2. The tighter the better—A common comment I get from patients is, “Make it tighter, doc. I want to get my braces off faster!” You may think that tighter adjustments and heavier forces will move your teeth faster. While a certain level of force is necessary to move teeth, a force level that is too high may start to damage the bone and surrounding tissues. Orthodontics is a delicate balance of forces. Too much force may cause some teeth to move the wrong way and increase overall time you need braces.

3. Wires need to be changed every visit—Super-elastic wires of the present day can be bent into all different shapes and still spring back into their nice U-shaped form. If you have crooked teeth, the super-elastic wire can be connected to your crooked teeth and prove a steady light force to straighten them without needing to change the wire very often. With the limited wires of the old orthodontia days, if a wire was used that put too much pressure on a tooth, the bracket would either pop off the tooth or the wire would be permanently deformed and not move your teeth at all! That is why in the old days, orthodontic patients got many wires with incrementally higher stiffness, and these wires were changed more frequently.
4. Only braces can straighten my teeth—Not necessarily. With new technology, it is now possible to have straight teeth without ever having to wear braces! Invisalign clear aligners are the most popular way to straighten teeth without braces. However, before you get too excited, know that Invisalign does have its limitations. For example, Invisalign may not be the best orthodontic option for fixing some bite problems or severely crooked teeth. The best way to see if Invisalign can straighten your teeth is to find an Invisalign orthodontist and schedule a consultation.
5. My spaces will start closing as soon as I get braces—Many people who get braces to close gaps between their teeth have the unrealistic expectation that the gaps will start closing as soon as they get braces. Often times, these patients are disappointed after a few months when their spaces have not closed (or have even gotten bigger. The issue with closing spaces is that is takes a controlled system of orthodontic braces and wires to close spaces. Often, the teeth need to be totally aligned before the spaces can begin to close. If spaces open up after getting braces, you may want to kindly ask your orthodontist about the new spaces, but rest assured that many patients get spaces early in braces which are closed later when the teeth are straighter.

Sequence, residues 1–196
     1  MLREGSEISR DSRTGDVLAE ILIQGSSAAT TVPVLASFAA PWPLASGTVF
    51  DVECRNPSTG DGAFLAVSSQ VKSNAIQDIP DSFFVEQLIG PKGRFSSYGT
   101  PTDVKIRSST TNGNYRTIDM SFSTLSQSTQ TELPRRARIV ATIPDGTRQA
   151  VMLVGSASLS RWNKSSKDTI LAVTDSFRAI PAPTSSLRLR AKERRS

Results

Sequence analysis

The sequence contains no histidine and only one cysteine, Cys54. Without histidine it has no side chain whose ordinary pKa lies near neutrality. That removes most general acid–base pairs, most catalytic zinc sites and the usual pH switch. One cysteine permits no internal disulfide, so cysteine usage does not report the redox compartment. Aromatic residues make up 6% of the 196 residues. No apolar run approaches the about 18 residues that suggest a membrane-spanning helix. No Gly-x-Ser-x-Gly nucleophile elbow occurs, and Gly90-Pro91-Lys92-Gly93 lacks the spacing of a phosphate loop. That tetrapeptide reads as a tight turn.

6. Once I get my braces off, my teeth will stay straight forever—Getting your teeth straight and your bite right is just half the battle. Keeping your teeth straight after getting your braces off is the rest of the battle. Teeth are connected to the bone by elastic fibers. As the teeth are moved into their new straightened positions, some elastic fibers are stretched and others are compressed. After your braces are removed, these elastic fibers will tend to push and pull your teeth back towards their original position. That is why orthodontic retainers are required when braces are removed to keep your teeth straight.
7. My wisdom teeth are making my teeth crooked—You may think that wisdom teeth cause crowding. However, there is very little evidence to support the fact that wisdom teeth cause crowding. If this was true, then your teeth would never get crowded after your wisdom teeth were extracted. In fact, people who never developed wisdom teeth or who had their wisdom teeth removed may still see their teeth get crooked over time. Teeth just tend to drift forward over time regardless of whether or not you have wisdom teeth.